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Hans Holbein & Armenian carpets


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#1 15levels

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Posted 13 March 2003 - 11:22 AM

Recently I have discovered for myself that Hans Holbein painted Armenian carpets in some of his famous works. For instance the famous painting of Ambassadors depicts the two French ambassadors to the English court, Jean de Dinteville (1504-1555) and Georges de Selve (1508/09-1541). Clearly the carpet in the painting is Armenian which is proven by Armenian "T" letter incorporated in the carpet design. Armenian "T" which is similar to Latin "S" is for "Ter Astvats" (Our Lord) and identifies Armenian christian carpets.

http://www.kfki.hu/~...5a/6ambassa.jpg

http://www.i-a-s.de/...Ambassadors.htm

HOLBEIN, Hans The Ambassadors 1533 Oil on wood
207 x 209.5 cm National Gallery, London

Another beautiful example in the portrait of the Merchant Georg Gisze, 1532 Oil on wood, 96,3 x 85,7 cm Staatliche Museen, Berlin

http://www.kfki.hu/~...535/2gisze.html

I find this simply amaising! Holbein being undoubtfully one of the greatest masters of his time, depicted Armenian carpets
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#2 Arpa

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Posted 14 March 2003 - 12:40 AM

Rouben, these are fascinating pictures. Thank you.
Does any literature or legend speak about the carpets? Does any literature acknowledge them as Armenian?
Some years ago I was at a doctor's office in NY. He had quite an office. There was a carpet in his waiting room. I asked him if he knew waht kind of carpet it was, he said he had been told that it was either Persan or Turkish. I told him if it would spoil his day if I showed him that it was Armenian? Of course he was incredulous as he had nver heard of such a thing as Armenian carpet. I could clearly see that the motifs were crosses and churches. I showed him that, he was still skeptical. We turned it over and... sure enough... it was made in Artsakh. I promised to send him some lietature about the subject which he found extremely fascinating. BTW. The doctor was Jewish and he knew what Armenian was, kind of.

#3 15levels

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Posted 13 March 2003 - 01:52 PM

Dear Arpa. I dont think we have to look for a proof that those carpets are Armenian. They are. One of the biggest experts on the Oriental carpets Volkmar Gantzhorn (who published a book called Oriental Carpets, TASCHEN, 1998) clearly states that the usage of "T"="S" in oriental carpets is an identifying mark for the christian Armenian carpets. He goes further by insisting that Armenian Plateau was the origin for virtually all the carpet making in Orient. He provides maps, traces and alalysis of the ornaments used in carpet waving. It would not be an exaggeration to say that 70% of that thick volume is dedicated to the Armenian carpets. The author illustrates his point by paintings as well but Holbein works are not mentioned in his book. I highly recommend this book, its widely available on the market. Unfortunately I dont have a scanner at the moment so I cannot scan the maps which show the migration of carpet waving from Armenia to the Orient, Middle Asia and Europe.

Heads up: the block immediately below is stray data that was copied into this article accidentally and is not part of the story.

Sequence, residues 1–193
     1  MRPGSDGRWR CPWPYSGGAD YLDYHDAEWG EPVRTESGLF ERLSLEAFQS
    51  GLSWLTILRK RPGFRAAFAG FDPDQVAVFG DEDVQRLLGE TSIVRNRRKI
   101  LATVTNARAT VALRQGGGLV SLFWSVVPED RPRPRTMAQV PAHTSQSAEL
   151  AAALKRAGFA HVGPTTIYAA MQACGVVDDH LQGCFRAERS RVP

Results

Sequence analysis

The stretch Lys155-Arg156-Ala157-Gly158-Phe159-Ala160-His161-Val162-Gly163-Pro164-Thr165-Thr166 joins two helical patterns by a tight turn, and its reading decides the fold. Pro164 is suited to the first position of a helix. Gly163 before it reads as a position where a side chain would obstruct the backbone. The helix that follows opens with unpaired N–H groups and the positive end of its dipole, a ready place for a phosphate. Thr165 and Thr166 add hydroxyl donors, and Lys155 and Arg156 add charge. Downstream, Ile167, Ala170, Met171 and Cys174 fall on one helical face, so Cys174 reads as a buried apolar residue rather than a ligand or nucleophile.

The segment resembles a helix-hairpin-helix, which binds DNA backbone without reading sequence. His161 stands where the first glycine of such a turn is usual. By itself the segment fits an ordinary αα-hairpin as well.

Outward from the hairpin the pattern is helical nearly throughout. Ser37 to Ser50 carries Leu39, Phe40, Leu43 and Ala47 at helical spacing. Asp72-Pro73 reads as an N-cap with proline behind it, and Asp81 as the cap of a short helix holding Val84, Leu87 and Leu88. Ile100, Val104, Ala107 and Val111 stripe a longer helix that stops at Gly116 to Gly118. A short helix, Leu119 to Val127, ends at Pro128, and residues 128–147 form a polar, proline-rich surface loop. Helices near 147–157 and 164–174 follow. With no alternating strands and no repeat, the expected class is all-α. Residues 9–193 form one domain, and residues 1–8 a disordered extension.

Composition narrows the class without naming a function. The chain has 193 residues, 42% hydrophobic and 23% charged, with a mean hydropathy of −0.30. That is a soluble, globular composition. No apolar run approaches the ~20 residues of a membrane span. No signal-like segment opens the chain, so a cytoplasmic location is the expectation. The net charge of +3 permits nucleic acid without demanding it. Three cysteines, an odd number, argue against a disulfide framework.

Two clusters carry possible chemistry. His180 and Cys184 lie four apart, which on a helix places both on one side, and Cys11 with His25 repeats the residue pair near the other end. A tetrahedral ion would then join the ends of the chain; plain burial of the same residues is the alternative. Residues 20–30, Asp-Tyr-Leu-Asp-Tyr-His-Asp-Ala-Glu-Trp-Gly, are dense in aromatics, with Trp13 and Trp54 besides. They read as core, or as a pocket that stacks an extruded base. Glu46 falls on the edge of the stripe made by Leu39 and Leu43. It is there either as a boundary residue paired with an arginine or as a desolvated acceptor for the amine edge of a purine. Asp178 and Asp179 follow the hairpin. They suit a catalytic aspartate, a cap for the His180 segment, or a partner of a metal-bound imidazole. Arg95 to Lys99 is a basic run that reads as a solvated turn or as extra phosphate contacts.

Here is a paragraph from the foreword:

" As cult objects of Christian oriental churches, these carpets, along with other textiles, constitute what may well be the most important Armenian contribution to the history of the world art. This book attempts to make good the injustice done to a people who, in the course of their more than two thousand year history, have suffered more than any other as a result of their geographic location butween the Orient and the Occident. The Armenians have countless times been divided, exploited, robbed, exiled, deported, enslaved, murdered and mistreated. They have been even robbed of their art, the autorship for which has been attributed to the conquerors during the years which followed, either due to an ignorance of the facts involved, or to the manipulation of these facts. This unique collection of patterns and designs, characteristic of oriental carpets, is a part of the Armenian heritage and identity, and it should now be understood as such."

Volkmar Gantzhorn.
"Oriental Carpets"

Posted Image

http://www.roslin.co...o/bookinfo4.htm

I have searched the web for "Holbein + Armenian" and here are the results:

Introduction to Armenian Rugs
http://zangezur.trip...ugs/armrug.html